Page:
Even before the release of The Phantom Menace, Jar Jar Binks became the subject of a great deal of media and popular attention, though not in the way his creators intended. Binks became symbolic of what many reviewers such as Brent Staples (The New York Times),[3] David Edelstein (Slate),[4] and Eric Harrison (Los Angeles Times)[5][6] considered to be creative flaws of the film. The character was widely rejected and often ridiculed[7] by people who felt that Jar Jar was included in the film solely to appeal to children. One fan, Mike J. Nichols, created and distributed, free of charge, a modified version of the film, entitled The Phantom Edit, which cut out several scenes featuring what Nichols dubbed 'Jar Jar antics.' The character was also lampooned on an episode of the television show South Park entitled "Jakovasaurs", in The Fairly OddParents (Episode: "Abra-Catastrophe!"), The Simpsons (Episode: "Co-Dependent's Day"), as well as the parody Star Wars episodes of Robot Chicken, in which Best reprised the role in voice-over form.[8]

Along with film critics, many have also accused the film's creators of excessive commercialization directed at young children (a criticism first levelled with the introduction of Ewoks in Star Wars Episode VI: Return of the Jedi).[7] Star Wars creator George Lucas stated that he feels there is a section of the fanbase who get upset with aspects of Star Wars because "[t]he movies are for children but they don't want to admit that... There is a small group of fans that do not like comic sidekicks. They want the films to be tough like The Terminator, and they get very upset and opinionated about anything that has anything to do with being childlike."[9] Rob Coleman, who was the lead on the Industrial Light & Magic animation team, warned Lucas that the team thought Jar Jar's character came across poorly. Lucas told him that he specifically put Jar Jar in the film to appeal to small children twelve or under.[10]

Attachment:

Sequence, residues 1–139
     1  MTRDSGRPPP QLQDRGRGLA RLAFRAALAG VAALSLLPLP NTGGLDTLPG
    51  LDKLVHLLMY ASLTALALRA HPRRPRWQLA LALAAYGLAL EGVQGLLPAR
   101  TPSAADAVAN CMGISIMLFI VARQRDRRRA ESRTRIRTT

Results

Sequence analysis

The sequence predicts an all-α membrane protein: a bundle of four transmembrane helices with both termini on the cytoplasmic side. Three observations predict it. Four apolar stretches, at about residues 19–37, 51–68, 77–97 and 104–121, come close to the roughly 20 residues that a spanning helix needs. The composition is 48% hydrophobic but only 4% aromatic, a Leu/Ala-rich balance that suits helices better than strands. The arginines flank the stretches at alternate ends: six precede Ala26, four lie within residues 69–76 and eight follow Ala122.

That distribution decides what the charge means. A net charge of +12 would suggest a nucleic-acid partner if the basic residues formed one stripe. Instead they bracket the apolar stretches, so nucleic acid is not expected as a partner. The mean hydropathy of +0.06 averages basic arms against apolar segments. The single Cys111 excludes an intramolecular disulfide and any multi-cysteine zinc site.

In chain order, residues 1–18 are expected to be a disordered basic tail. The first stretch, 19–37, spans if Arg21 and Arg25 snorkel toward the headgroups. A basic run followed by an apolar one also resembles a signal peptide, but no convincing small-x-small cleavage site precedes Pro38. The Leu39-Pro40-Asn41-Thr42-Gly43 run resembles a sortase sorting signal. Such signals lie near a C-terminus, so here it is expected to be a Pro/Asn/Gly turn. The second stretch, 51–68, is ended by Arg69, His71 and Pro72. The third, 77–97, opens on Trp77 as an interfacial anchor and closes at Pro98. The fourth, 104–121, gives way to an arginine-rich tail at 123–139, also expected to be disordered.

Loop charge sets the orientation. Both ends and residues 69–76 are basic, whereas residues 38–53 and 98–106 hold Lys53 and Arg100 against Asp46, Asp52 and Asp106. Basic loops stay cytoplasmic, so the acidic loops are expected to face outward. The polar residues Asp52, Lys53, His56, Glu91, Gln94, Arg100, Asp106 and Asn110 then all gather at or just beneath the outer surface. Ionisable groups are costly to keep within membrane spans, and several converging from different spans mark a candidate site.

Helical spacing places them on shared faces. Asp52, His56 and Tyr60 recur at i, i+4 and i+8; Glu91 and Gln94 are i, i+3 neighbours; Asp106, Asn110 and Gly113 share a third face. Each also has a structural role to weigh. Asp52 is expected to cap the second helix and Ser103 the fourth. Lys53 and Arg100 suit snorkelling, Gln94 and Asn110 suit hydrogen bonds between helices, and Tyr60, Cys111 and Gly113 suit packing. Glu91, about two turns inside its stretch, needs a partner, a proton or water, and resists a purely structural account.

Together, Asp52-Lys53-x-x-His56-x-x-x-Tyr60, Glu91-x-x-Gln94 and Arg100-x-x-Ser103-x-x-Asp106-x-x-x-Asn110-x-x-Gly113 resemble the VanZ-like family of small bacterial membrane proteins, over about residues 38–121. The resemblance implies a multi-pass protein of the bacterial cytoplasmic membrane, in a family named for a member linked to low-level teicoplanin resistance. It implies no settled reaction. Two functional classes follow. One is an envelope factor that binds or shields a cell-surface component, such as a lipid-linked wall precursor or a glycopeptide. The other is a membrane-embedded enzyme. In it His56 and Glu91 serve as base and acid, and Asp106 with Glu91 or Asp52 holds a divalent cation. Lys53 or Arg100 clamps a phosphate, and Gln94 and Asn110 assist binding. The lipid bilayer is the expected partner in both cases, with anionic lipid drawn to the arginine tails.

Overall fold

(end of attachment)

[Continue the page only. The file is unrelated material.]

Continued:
Allegations of racial caricatureEdit

Joe Morgenstern of The Wall Street Journal described the character as a "Rastafarian Stepin Fetchit on platform hoofs, crossed annoyingly with Butterfly McQueen."[12] Patricia J. Williams suggested that many aspects of Jar Jar's character are highly reminiscent of the archetypes portrayed in blackface minstrelsy,[13] while others have suggested the character is a "laid-back clown character" representing a black Caribbean stereotype.[14] George Lucas has denied any racist implications.[15]


  1. According to Jar Jar's profile, he will appear in The Clone Wars.
  2. Lucas, George. Star Wars Episode 3: Revenge of the Sith Script. IMSDb. Retrieved on March 17, 2013.
  3. Script error
  4. Script error
  5. Script error
  6. Script error
  7. 7.0 7.1 Script error
  8. Robot Chicken: Star Wars at the Internet Movie Database
  9. Script error
  10. Even Some At Lucasfilm Hated Jar Jar, IMDB Studio briefing, 1999-06-21, Retrieved on 2007-03-13.
  12. Script error
  13. Patricia J. Williams: Racial Ventriloquism. The Nation (June 17, 1999). Archived from the original on September 20, 2006. Retrieved on June 11, 2006.
  14. Script error
  15. Script error

External linksEdit

This page uses content from the English Wikipedia. The original article was at Jar Jar Binks. The list of authors can be seen in the page history. As with Lucasfilm Wiki, the text of Wikipedia is available under the GNU Free Documentation License.